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Thermodynamics deals with transformations of energy of all kinds

from one form to another. The general restrictions within which all
such transformations are observed to occur are known as the first

and second laws of thermodynamics.

Using Thermodynamics, the chemical engineer can

• heat and work requirements for physical and
chemical processes,
• equilibrium conditions for chemical reactions,
• transfer of chemical species between phases.
• A system is defined as a quantity of matter or a region in space
chosen for study.
• The mass or region outside the system is called the
• The real or imaginary surface that separates the system from its
surroundings is called the boundary


2 kg
3 m3

2 kg
Moving boundary 1 m3

Fixed boundary

A closed system with moving boundary

• An open system (control volume) is a properly selected
region in space enclosing a device in which there is mass
flow in and out. Both mass and energy can cross the

Mass Yes
Hot volume

Water Energy Yes

An open system ( a control volume) with Both mass and energy can cross the
one inlet and one exit boundaries of a control volume
Energy can exist in numerous forms. The total energy of a system
(E) is made up of macroscopic and microscopic forms. The
macroscopic forms are those a system possesses as a whole w.r.t.
some outside reference frame , such as kinetic (KE) and potential
(PE) energies.
Macroscopic E = KE + PE

• The sum of all microscopic forms of energy is called the internal

energy (U) of the system.
• It accounts for internal motions of the molecules which move
around with some velocity (transnational motion), vibrate about
each other (Vibrational motion), and rotate about an axis during
their random motion (rotational motion) .
• Total E = U + KE + PE
1. Push-Pull work
work is done whenever a force acts through a distance
W   F .dl

2. Pv work V
dW  F .dl  P. A.d ( )  P.dV

W   P.dV

3. Electrical work
W  Q(Coulomb).V (volt)
W  I (ampere).V (volt). ( s )
Work (cont.)

4. Surface tension work:

W    dA

5. Elastic work
F  K S . y (deflectio n, m) Hooke' s law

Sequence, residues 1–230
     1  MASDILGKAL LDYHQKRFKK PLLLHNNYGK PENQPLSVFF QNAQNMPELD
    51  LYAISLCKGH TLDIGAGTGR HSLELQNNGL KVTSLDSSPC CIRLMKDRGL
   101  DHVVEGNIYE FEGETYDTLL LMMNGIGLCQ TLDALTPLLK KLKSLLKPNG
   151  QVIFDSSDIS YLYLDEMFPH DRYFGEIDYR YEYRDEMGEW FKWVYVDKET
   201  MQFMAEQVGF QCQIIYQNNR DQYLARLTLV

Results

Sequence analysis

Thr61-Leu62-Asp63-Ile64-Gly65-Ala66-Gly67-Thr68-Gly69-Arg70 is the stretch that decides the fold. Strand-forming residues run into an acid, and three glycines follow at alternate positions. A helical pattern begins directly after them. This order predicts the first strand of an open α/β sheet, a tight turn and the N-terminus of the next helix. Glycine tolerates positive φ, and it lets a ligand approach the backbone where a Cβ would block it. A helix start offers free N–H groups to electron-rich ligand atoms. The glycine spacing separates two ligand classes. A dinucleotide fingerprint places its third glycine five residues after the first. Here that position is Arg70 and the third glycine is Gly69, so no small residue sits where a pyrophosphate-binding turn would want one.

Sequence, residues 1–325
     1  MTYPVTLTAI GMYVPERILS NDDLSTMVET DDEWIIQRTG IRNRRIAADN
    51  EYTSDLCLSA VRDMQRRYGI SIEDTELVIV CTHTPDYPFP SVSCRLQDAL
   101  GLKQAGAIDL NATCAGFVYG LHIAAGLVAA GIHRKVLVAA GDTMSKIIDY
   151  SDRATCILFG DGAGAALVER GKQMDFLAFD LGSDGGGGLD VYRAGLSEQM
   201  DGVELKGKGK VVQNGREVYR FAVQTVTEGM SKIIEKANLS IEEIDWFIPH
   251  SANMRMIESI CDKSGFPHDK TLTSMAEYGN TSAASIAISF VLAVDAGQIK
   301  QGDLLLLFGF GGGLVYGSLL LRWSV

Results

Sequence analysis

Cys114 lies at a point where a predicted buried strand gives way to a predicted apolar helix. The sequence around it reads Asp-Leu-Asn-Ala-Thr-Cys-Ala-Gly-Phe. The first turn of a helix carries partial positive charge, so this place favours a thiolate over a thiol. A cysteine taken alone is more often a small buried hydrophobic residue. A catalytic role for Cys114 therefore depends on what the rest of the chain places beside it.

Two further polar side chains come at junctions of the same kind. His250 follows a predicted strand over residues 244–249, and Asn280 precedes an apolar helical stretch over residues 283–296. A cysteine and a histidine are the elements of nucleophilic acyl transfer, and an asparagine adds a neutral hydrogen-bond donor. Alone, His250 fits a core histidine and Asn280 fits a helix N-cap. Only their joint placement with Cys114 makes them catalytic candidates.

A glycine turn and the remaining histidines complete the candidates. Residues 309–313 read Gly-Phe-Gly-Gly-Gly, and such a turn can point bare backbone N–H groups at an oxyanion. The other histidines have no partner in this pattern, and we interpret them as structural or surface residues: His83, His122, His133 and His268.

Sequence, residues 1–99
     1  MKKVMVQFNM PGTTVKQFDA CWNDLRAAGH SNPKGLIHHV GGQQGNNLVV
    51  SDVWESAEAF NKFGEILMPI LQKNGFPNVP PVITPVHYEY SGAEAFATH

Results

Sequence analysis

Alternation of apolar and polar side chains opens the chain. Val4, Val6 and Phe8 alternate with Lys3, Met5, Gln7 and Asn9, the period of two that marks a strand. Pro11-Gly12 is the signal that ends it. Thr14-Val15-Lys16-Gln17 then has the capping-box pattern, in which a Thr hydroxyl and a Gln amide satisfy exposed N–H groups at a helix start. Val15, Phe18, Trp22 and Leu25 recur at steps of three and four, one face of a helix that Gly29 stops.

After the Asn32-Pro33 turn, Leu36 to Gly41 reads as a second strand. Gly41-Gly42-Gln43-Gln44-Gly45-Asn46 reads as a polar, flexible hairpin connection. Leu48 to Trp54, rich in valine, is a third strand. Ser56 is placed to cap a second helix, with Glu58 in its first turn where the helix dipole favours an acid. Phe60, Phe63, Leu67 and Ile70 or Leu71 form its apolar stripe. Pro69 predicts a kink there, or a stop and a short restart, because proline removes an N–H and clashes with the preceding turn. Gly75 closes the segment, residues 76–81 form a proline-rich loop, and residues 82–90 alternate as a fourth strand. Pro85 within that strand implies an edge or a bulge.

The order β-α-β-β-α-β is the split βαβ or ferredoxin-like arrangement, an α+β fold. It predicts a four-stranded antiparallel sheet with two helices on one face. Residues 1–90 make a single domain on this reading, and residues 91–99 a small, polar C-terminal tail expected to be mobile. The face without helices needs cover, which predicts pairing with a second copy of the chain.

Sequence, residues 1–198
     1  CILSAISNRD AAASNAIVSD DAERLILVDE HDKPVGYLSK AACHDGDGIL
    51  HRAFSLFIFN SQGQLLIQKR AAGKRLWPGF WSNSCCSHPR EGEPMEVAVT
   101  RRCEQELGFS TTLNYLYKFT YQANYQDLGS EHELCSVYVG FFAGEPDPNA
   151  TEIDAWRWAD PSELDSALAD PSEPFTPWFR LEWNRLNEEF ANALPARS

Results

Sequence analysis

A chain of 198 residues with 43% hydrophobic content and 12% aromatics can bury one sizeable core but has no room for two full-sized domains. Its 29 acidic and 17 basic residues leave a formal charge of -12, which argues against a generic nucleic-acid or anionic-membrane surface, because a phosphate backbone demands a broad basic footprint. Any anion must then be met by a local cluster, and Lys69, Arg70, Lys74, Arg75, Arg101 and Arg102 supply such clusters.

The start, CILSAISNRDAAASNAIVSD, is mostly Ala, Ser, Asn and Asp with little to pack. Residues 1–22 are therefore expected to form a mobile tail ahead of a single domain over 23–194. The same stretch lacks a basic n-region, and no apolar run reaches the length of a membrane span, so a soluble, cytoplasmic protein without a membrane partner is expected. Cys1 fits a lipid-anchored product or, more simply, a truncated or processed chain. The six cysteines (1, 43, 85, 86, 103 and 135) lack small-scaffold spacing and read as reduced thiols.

 y1  y22 
KS 2
W   K S . ydy 
• Energy 1
Ek  mu 2
• If a body of mass m is acted upon by the force F 2
during a differential interval of time dt, the W  Ek
displacement of the body is dl:

• If a body of mass m is raised from an initial F  m.a  m.g

elevation z1 to a final elevation z2, an upward W  F .( z  z )  m.g.z
force at least equal to the weight of the body 2 1

must be exerted on it, and this force must

move through the distance (z2-z1):
It concerns energy conservation and states that:

Although energy assumes many forms, the total quantity of

energy is constant, and when energy disappears in one form it
appears simultaneously in other forms.
In other words; energy cannot be created or destroyed; it can
only change forms.
This law applies to the system & surroundings:

 (energy of system) +  (energy of surroundings) = 0

Intensive properties are independent of the quantity
of material such as T & P.
, kg/m3

, m3/kg

e, kJ/kg

u, kJ/kg

Intensive properties are independent of the size of

the system.
Extensive properties depend on the quantity of material in
the system such as U & V. U & V become intensive properties if we
consider a unit mass ( specific U & V), or a mole (molar U & V)
Example 2.1
m ½m ½m
Extensive properties
V ½V ½V


P P P Intensive properties

  

Criteria to differentiate intensive and extensive properties

A system at two different states.

m = 2 kg
T2 = 20 oC
V2 = 3 m3

m = 2 kg
T1 = 20 oC
V1 = 1.5 m3
Final state

Process path
Initial state


The P-V diagram of a compression process.

The first law of thermodynamics concerns energy
conservation and states that:
Energy cannot be created or destroyed; it can only
change forms.

The second law of thermodynamics asserts that:

Energy has quality as well as quantity, and actual
processes occur in the direction of decreasing
quality of energy.
Constant V and constant P Processes

For closed system:

d (nU )  dQ  dW n is the number of moles
dW  -Pd(nV) mechanical ly reversible , nonflow process
d(nU)  dQ - Pd(nV)

Q  nU (constant volume)

nH  nU  P(nV)
Q  nH (constant pressure)
Heat Capacity
It may define as: C
 dU 
CV   
 dT V
 dH 
CP   
 dT  P
Q  n  CV dT (constant volume)
Q  n  C P dT (constant pressure)

First law